“Is it?” Ambra said. “I’ve seen books that argue Darwin was entirely wrong.”

“What she says is true,” Winston chimed in from the phone, which was recharging on the table between them. “More than fifty titles were published over the past two decades alone.”

Langdon had forgotten Winston was still with them.

“Some of these books were bestsellers,” Winston added. “What Darwin Got Wrong … Defeating Darwinism … Darwin’s Black Box … Darwin on Trial … The Dark Side of Charles Dar—

“Yes,” Langdon interrupted, fully aware of the substantial collection of books claiming to disprove Darwin. “I actually read two of them a while back.”

“And?” Ambra pressed.

Langdon smiled politely. “Well, I can’t speak for all of them, but the two I read argued from a fundamentally Christian viewpoint. One went so far as to suggest that the earth’s fossil record was placed there by God ‘in order to test our faith.’”

Ambra frowned. “Okay, so they didn’t sway your thinking.”

“No, but they made me curious, and so I asked a Harvard biology professor for his opinion of the books.” Langdon smiled. “The professor, by the way, happened to be the late Stephen J. Gould.”

“Why do I know that name?” Ambra asked.

“Stephen J. Gould,” Winston said at once. “Renowned evolutionary biologist and paleontologist. His theory of ‘punctuated equilibrium’ explained some of the gaps in the fossil record and helped support Darwin’s model of evolution.”

“Gould just chuckled,” Langdon said, “and told me that most of the anti-Darwin books were published by the likes of the Institute for Creation Research—an organization that, according to its own informational materials, views the Bible as an infallible literal account of historical and scientific fact.”

“Meaning,” Winston said, “they believe that Burning Bushes can speak, that Noah fit every living species onto a single boat, and that people turn into pillars of salt. Not the firmest of footings for a scientific research company.”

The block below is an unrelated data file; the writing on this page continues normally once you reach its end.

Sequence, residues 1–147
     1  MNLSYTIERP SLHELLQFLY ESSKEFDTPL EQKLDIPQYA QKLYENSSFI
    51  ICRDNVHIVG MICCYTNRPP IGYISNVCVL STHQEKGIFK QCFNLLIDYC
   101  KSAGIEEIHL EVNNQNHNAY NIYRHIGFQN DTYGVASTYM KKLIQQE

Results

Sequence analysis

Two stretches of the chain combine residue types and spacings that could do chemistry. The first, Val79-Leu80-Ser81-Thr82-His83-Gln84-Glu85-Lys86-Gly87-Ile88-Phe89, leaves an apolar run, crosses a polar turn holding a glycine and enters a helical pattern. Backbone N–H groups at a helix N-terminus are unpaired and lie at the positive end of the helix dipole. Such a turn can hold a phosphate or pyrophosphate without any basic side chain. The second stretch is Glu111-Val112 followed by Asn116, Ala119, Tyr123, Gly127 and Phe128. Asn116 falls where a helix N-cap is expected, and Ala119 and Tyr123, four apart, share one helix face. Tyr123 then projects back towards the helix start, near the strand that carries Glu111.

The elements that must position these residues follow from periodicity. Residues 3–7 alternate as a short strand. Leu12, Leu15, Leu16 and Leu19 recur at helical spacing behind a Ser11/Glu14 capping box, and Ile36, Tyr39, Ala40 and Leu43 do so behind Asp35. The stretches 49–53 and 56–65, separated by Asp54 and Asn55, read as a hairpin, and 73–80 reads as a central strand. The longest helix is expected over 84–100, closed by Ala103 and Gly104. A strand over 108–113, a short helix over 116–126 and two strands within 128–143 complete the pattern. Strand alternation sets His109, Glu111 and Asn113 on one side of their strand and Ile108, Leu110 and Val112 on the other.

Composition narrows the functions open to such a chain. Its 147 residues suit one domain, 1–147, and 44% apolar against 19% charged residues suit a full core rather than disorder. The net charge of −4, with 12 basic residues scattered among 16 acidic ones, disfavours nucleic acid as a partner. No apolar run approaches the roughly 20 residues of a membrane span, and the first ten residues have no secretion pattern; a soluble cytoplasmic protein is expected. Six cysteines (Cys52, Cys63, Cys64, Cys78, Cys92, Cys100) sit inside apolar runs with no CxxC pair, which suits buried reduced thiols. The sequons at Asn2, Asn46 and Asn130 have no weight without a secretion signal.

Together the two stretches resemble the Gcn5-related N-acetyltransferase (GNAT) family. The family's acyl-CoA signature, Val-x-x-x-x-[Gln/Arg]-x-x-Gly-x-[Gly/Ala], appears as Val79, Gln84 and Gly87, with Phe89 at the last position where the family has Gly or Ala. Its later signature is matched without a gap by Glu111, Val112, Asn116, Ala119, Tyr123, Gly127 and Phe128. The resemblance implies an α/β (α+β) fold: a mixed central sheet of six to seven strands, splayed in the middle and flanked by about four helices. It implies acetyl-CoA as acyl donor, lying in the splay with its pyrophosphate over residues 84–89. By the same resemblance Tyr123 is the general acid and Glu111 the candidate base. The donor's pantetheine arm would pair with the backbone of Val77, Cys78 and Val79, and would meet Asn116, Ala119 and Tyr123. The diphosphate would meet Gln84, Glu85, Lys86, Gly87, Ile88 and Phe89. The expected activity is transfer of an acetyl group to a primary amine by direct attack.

“True,” Langdon said, “and yet there are some nonreligious books that attempt to discredit Darwin from a historical standpoint—accusing him of stealing his theory from the French naturalist Jean-Baptiste Lamarck, who first proposed that organisms transformed themselves in response to their environment.”

“That line of thought is irrelevant, Professor,” Winston said. “Whether or not Darwin was guilty of plagiarism has no bearing on the veracity of his evolutionary theory.”

“I can’t argue with that,” Ambra said. “And so, Robert, I assume if you asked Professor Gould, ‘Where do we come from?’ he would reply, without a doubt, that we evolved from apes.”

Langdon nodded. “I’m paraphrasing here, but Gould essentially assured me that there was no question whatsoever among real scientists that evolution is happening. Empirically, we can observe the process. The better questions, he believed, were: Why is evolution happening? And how did it all start?”

“Did he offer any answers?” Ambra said.

“None that I could understand, but he did illustrate his point with a thought experiment. It’s called the Infinite Hallway.” Langdon paused, taking another sip of coffee.

“Yes, a helpful illustration,” Winston chimed in before Langdon could speak. “It goes like this: imagine yourself walking down a long hallway—a corridor so long that it’s impossible to see where you came from or where you’re going.”